Not only do doctors fail to monitor the effect of the drugs they prescribe, they ignore the horrible side effects of those drugs, especially the dugs containing fluorine/fluoride and others from the halogen group in the periodic table. Other halogens block Iodine from being utilized by the thyroid gland.
Now in many studies, schizophrenia has been helped naturally, once brain allergies are defined and re-balanced with appropriate health care and/or with vitamins B3 and C.
Halide, a component of Haldol, given to many elderly and people with schizophrenia, causes a devastating side effect called Tardive Dyskinesia. Some studies have shown that valerian root is helpful to offset the TD or even prevent it. Even some of the newer anti-psychotic pharmaceuticals, often used in combination because singly they do not seem to control behavior enough, can lead to the development of TD.
Are you asking the same question I am, or "is the rat escaping the mad scientist's lab yet?"
What about outcomes, and why aren't the shrinks reporting?
Maybe they don't have a billing code is the DSM that lets them get a check for it.
So much on how the insurance company plays the controller in health care, more on this sometime in the future.
The halogens are a chemical series. They are the elements in Group 7 (old-style: VII or VIIA) of the Periodic Table: fluorine, chlorine, bromine, iodine, and astatine. The word comes from Greek roots meaning "salt" and "creator".
These elements are diatomic molecules in their natural form. They require one more electron to fill their outer electron shells, and so have a tendency to form a singly-charged negative ion. This negative ion is referred to as a halide ion; salts containing these ions are known as halides.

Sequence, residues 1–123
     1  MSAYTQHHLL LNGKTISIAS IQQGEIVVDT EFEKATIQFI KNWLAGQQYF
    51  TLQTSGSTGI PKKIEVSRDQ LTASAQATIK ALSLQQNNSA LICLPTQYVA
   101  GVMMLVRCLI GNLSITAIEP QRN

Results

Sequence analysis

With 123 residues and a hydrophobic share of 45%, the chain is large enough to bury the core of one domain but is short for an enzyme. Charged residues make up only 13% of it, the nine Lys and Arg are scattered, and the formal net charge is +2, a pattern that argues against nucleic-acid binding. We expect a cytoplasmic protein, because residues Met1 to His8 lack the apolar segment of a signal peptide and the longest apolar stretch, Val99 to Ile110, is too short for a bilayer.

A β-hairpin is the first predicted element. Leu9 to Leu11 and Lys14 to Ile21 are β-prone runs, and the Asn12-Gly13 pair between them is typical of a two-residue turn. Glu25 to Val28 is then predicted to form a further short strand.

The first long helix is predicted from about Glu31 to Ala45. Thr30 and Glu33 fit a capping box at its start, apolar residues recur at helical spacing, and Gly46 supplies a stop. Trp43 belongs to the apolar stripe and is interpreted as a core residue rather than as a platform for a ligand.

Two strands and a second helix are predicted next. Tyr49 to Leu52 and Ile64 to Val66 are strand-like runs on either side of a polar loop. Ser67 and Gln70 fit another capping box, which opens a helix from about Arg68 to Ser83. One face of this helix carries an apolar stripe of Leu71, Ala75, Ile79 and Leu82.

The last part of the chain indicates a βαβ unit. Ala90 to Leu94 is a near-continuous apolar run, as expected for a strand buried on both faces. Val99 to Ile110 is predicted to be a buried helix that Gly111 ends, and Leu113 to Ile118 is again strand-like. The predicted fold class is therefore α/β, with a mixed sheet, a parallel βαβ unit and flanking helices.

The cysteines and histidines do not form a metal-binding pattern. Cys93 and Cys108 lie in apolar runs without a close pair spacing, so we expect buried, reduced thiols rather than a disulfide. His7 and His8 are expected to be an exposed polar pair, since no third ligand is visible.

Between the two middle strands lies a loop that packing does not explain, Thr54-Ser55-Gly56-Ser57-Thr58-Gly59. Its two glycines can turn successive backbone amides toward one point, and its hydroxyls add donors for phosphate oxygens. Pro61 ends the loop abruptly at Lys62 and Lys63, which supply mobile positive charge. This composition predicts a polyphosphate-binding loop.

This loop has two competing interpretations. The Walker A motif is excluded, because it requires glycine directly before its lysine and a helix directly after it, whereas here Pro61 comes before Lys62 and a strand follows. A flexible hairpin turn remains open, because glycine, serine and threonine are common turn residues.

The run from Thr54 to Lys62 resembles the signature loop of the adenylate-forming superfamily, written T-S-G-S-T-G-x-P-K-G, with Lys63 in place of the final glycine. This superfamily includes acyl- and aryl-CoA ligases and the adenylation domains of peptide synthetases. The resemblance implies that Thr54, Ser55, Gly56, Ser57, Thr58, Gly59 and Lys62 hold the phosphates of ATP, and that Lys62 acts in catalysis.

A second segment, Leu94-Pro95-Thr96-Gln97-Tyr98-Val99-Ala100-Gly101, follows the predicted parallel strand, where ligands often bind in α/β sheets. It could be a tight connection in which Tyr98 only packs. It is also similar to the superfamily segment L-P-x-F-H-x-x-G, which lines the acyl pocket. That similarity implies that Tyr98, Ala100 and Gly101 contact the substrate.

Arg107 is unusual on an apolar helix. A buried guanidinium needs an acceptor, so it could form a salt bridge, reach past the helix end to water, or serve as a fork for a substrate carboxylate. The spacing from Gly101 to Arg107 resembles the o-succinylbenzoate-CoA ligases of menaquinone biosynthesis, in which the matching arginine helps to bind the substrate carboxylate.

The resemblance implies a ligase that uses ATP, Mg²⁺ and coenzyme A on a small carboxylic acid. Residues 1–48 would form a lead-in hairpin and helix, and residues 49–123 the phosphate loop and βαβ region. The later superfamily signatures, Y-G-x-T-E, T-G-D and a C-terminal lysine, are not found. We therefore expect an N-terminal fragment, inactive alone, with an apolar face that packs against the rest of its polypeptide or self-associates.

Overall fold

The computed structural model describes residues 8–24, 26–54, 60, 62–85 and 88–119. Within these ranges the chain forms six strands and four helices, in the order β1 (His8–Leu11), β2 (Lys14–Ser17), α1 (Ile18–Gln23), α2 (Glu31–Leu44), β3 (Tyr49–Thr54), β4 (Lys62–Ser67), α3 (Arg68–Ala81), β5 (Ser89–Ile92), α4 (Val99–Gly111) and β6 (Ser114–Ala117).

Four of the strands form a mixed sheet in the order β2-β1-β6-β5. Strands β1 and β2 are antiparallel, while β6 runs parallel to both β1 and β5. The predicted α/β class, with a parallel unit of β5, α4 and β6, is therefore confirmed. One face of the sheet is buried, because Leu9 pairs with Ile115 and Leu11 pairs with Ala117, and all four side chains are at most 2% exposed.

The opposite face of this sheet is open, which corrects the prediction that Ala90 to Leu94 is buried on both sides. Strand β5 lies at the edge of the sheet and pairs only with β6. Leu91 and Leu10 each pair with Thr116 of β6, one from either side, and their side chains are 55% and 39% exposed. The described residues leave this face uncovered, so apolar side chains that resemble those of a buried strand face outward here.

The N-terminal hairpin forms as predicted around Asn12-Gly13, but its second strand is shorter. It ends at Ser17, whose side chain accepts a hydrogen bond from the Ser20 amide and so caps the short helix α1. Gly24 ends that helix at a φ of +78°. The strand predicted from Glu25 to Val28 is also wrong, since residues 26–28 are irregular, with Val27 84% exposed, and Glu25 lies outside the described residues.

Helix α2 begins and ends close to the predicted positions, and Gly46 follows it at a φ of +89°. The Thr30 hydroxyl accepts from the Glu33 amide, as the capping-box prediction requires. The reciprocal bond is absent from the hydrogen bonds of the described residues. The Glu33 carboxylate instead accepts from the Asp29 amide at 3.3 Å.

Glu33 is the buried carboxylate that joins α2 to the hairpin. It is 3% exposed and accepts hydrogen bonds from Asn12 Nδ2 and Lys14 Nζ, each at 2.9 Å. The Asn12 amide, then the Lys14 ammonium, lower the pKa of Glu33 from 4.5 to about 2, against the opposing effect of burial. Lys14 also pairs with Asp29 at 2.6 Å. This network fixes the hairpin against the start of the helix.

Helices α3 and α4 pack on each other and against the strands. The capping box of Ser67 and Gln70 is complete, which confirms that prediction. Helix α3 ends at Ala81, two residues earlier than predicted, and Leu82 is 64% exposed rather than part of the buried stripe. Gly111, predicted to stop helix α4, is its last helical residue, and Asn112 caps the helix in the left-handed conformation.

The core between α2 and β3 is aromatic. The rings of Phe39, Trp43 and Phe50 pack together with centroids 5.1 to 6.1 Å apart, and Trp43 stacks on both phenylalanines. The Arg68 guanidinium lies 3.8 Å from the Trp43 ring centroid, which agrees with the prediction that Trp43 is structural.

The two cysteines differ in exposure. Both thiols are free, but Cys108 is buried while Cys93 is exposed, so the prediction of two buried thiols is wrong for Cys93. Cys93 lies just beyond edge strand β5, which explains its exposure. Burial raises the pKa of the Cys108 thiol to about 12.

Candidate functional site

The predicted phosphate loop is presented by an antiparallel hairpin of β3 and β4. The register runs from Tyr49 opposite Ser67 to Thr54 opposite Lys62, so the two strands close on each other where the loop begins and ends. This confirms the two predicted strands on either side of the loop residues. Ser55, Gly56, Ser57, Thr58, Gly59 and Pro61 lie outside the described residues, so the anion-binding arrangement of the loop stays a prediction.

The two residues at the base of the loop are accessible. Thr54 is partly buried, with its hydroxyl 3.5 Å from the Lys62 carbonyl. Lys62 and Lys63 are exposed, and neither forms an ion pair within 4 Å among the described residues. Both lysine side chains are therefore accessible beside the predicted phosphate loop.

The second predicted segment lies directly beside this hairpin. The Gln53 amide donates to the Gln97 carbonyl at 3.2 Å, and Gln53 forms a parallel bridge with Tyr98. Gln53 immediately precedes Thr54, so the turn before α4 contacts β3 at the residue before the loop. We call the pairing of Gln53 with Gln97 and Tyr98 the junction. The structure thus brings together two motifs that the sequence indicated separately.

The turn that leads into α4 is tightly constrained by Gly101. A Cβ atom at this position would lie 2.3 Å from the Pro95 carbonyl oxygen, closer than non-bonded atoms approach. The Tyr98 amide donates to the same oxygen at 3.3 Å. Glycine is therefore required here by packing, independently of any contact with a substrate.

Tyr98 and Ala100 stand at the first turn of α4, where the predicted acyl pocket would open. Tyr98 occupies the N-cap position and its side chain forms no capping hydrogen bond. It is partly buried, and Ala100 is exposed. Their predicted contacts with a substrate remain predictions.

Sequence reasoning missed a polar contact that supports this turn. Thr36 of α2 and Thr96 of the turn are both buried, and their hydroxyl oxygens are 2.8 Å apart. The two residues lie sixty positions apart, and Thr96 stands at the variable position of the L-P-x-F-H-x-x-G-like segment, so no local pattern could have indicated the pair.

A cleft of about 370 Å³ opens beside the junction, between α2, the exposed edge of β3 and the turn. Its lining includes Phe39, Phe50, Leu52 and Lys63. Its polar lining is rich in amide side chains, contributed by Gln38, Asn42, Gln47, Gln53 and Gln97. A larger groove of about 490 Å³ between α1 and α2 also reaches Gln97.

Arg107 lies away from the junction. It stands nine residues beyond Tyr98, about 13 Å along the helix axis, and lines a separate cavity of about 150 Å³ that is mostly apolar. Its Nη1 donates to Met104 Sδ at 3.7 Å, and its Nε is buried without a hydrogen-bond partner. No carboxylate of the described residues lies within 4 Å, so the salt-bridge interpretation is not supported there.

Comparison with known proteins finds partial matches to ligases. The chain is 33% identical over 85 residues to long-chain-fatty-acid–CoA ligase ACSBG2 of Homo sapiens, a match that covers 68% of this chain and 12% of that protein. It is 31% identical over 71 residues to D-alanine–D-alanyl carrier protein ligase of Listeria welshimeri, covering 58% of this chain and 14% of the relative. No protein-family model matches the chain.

Many synthetic organic compounds, and a few natural ones, contain halogen atoms; these are known as halogenated compounds. Thyroid hormones contain iodide atoms. Chloride ions play a key role in brain function by mediating the action of the inhibitory transmitter GABA.
Every person accepting a prescription drug has the right to know the effects, risks and benefit (if any) of the drug. The prescriber is mandated by law to be diligent in this expected action.
APA: Drug Pairing Doesn’t Control Aggression in Schizophrenia
WASHINGTON -- The aggression and violence associated with schizophrenia was essentially unabated by a combination of drugs commonly used to help control the behavior, according to a small randomized trial reported here. full story
APA: Drug Interactions a Common Risk for Schizophrenic Patients
WASHINGTON -- One-fifth of patients with schizophrenia receive prescriptions for drugs that can cause dangerous interactions when taken in combination, a researcher said here. full story
APA: Psychiatrists Shrink from Outcome Measures in Depression
WASHINGTON -- Only a small fraction of psychiatrists use validated outcome measures to assess how well depressed patients are doing, a researcher said here. full story